The Benefits of Going to College Close to Home

on March 24, 2017

I went to college three miles from home. Going to a nearby college presents many benefits.

 

When I started packing for college, my mother said “Just because you’re going to college nearby, don’t expect us to do your laundry or take you grocery shopping.”

 

That lasted a few weeks. About a month into my freshman year, my parents happened to be shopping at the same grocery store as me and at the same time. It was two miles out of their way, since their usual grocery store was much closer to home. But, they just happened to be in the area. What an amazing coincidence!

 

From that point onward, they would pick me up at my dorm every weekend and give me a ride to the store. It gave us a chance to catch up. It also was helpful when my father’s job switched computer programming languages to one in which I had significant expertise. We would walk the aisles of the grocery store, chatting about the nuances of Common Lisp and AI algorithms.

 

My mother never did my laundry, however.  My dorm had plenty of functional laundry machines. Later, they were one of the first dormitories nationwide to build a laundry monitoring system, so you could check if machines were free and get notified when your load was done.

 

People often asked me why I lived in one of the dorms, when I could just as easily have lived at home. I wanted to be immersed in campus life and avoid the commute, which was almost an hour on foot and 30 to 40 minutes by public transportation. I didn’t need to save money because my scholarships and summer jobs covered the cost of living in a dormitory.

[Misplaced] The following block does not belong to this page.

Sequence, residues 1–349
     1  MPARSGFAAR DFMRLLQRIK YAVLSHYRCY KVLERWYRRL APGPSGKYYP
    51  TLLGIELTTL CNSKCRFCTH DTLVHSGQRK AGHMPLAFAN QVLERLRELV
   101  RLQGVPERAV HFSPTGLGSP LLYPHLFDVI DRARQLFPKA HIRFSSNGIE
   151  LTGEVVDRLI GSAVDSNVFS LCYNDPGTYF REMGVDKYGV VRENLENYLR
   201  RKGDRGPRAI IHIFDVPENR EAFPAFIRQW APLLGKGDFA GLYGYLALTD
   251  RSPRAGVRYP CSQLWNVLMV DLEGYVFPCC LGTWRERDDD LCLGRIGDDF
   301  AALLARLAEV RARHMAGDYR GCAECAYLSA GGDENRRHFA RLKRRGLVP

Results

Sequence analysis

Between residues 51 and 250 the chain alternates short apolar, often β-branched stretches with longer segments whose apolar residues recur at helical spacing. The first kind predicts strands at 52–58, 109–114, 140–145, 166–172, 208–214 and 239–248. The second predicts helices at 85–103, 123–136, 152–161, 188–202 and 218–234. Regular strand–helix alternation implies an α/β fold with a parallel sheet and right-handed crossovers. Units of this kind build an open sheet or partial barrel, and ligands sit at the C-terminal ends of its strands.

These answers didn’t seem to satisfy them. My dorm was the furthest from campus, involving a 10 to 15 minute walk to the main academic buildings. So, I mentioned that my freshman year roommate’s parents lived closer to the college than we did.

 

Even though I attended a nearby college, I didn’t save money on tuition because it was a private, nonprofit college, not a state school. But, attending an in-state public college would have been a good way to get a great quality education at half the cost.

 

I knew the area well, having grown up nearby, so friends relied on me for restaurant recommendations. When I got tired of the cafeteria food, I could take a break and visit one of my favorite restaurants or I could take the Red Line to the Green Line and be home in time for a home-cooked meal.

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